Land use and land cover change is one of the focuses in the study of global change in recent years. Land cover characteristics, at the global and regional scale, are very important for evaluating global environment status and simulating global environment scenario in the future. A special issue named "Global and regional land cover characterization from remotely sensed data" was published in 2000 in International Journal of Remote Sensing. Based on this, international advance of land cover characterization from remotely sensed data at global and regional scale was summarized and introduced in this paper, including data sources, dimension and land cover mapping methods (pre-processing, classification and accuracy assessment), etc. Two global land cover databases-IGBP DISover and University of Maryland 1 km products were introduced as examples.
The domain of land cover mapping spans the range between two extremes: "coarse" resolution at frequent time intervals, and "fine" resolution at long intervals. Major steps in extracting land cover information by using satellite data at fine and coarse resolutions include: geometric corrections, compositing, radiometric corrections, classification and accuracy assessment. Land cover information that can be gleaned from satellite images is the spectral and spatial attributes of individual cover types. Two types of numerical classification approaches for satellite image classification have been evolved for more than 30 years, which are unsupervised algorithm and supervised algorithm. In recent years, numerous variants of these two basic classification methods have been developed, including decision trees, neural networks, fuzzy classification and mixture modeling for supervised classification, and classification by progressive generalization, classification through enhancement and post-processing adjustment for unsupervised techniques. "No land cover classification project would be complete without an accuracy assessment". In addition to purely methodological considerations, accuracy assessment tends to be strongly constrained by the resources available. Thus, in practice, accuracy assessment is "A balance between what is statistically sound and what is practically attainable must be found".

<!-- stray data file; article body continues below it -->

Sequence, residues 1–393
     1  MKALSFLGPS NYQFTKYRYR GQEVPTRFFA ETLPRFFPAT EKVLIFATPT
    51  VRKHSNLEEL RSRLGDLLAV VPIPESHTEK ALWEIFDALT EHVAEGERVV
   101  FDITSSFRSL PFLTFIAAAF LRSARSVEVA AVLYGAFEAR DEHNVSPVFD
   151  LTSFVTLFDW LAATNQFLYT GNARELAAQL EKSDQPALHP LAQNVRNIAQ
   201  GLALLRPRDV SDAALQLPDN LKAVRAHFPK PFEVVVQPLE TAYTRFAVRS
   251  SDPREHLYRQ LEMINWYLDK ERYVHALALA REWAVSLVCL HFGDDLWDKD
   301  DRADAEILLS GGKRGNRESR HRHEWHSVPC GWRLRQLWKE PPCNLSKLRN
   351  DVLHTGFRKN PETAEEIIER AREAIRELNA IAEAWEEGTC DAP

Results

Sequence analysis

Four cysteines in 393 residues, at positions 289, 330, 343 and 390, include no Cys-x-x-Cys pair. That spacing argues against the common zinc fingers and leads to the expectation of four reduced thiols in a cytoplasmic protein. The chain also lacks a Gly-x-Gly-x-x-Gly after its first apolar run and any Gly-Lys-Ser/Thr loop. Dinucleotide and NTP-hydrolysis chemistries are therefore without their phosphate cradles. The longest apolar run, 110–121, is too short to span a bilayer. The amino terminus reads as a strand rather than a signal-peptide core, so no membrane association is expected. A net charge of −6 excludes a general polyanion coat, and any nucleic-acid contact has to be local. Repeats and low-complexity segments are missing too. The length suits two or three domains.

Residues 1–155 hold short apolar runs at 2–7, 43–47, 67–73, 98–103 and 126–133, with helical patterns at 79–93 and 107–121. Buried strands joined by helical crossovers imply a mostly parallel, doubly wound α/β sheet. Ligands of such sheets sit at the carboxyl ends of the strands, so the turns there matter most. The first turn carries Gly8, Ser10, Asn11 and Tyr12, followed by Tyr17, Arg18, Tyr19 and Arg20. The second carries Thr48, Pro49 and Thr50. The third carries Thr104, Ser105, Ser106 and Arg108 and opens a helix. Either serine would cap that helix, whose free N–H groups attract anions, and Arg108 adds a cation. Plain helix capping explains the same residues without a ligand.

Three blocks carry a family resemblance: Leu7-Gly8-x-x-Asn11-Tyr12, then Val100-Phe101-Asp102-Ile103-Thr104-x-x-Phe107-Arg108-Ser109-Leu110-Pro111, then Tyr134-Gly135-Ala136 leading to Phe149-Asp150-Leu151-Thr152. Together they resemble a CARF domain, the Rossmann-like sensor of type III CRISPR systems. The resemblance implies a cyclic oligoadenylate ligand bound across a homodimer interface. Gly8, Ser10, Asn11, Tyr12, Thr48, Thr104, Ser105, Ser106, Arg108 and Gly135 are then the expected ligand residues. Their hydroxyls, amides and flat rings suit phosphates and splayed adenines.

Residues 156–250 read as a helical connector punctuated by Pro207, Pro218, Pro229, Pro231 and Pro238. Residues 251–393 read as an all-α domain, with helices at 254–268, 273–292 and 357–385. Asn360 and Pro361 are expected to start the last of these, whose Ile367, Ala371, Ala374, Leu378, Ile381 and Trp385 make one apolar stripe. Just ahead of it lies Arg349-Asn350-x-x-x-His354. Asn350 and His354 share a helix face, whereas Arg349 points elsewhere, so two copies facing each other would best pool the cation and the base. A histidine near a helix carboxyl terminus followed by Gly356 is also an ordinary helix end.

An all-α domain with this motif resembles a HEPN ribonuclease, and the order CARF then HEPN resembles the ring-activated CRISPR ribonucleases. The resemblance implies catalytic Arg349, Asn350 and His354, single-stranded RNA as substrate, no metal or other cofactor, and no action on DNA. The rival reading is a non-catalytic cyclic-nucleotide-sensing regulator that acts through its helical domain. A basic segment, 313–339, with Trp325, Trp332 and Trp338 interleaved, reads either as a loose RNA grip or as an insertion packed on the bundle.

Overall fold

On board of EOS-AM-1 satellite, MODIS sensor acquires data with 250 m，500 m，1000 m spatial resolution and 36 bands spanning 0.4~14 μm. MODIS data, free for users all over the world, is up to date and is becoming the most important data source for land cover classification at the global and regional scale.